Like the end of a long evening of revelry, this decline in the fortunes of both momentum growth and value companies leaves the quality growth investors, in our opinion, still standing. They are the ones invested in companies that can provide consistent earnings growth and earn high operating margins due to the economic moats around their businesses. They can own companies with the power to increase prices during inflationary periods. Their companies have relatively low debt levels and can withstand higher interest rates more easily. They should see relatively benign comments from their companies’ CEOs about current and future business prospects.
The consumer staples sector, a traditional source of high-quality, dependable growth names, began reporting quarterly results in April. Nestlé, Procter & Gamble, and Heineken announced they had increased prices by about 5% each. Quality companies can raise their prices to protect their profit margins. Investors reward such companies by buying their shares during inflationary times, as happened in the late-1970s when inflation raged through economies.
Figure 1: Quality growth outperformed in past periods of inflation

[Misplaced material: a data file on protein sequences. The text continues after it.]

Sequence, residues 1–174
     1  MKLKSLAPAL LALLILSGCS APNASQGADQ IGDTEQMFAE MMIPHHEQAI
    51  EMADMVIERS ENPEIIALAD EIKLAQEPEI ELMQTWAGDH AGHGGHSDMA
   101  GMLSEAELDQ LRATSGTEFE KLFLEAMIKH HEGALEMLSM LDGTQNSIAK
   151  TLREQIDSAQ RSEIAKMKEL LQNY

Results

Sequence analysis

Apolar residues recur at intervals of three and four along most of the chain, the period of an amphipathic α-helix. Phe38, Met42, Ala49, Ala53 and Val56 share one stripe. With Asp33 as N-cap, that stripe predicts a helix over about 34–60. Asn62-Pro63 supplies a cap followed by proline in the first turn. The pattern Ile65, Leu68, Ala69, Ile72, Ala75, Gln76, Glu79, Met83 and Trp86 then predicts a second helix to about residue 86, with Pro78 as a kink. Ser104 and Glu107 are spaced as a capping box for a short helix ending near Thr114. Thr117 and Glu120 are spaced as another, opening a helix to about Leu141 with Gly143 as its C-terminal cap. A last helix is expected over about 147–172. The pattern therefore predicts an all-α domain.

Past performance is not indicative of future results.
The Quality Growth at a Reasonable Price universe is defined by Credit Suisse HOLT as: The top 50% of companies measured by Quality and Growth scores, and the top 40% of companies measured by HOLT’s proprietary valuation score.
Source: Credit Suisse HOLT, Bloomberg, Axioma, St. Louis Fed. Data as of March 15, 2022.
With inflation rising sharply, and interest rates quickly increasing from very depressed levels, we have entered a new phase, one where the pendulum may swing back to quality growth, with its emphasis on companies with high margins, pricing power, low debt levels, and consistent earnings. We believe they are the slow but ultimately successful tortoises in the long foot race investors engage in to beat the overall market.
Certain of the information contained in this viewpoint is based upon forward-looking statements or information, including descriptions of anticipated market changes and expectations of future activity. Adviser believes that such statements and information are based upon reasonable estimates and assumptions. However, forward-looking statements and information are inherently uncertain and actual events or results may differ materially from those reflected in the forward-looking statements. Therefore, undue reliance should not be placed on such forward-looking statements and information.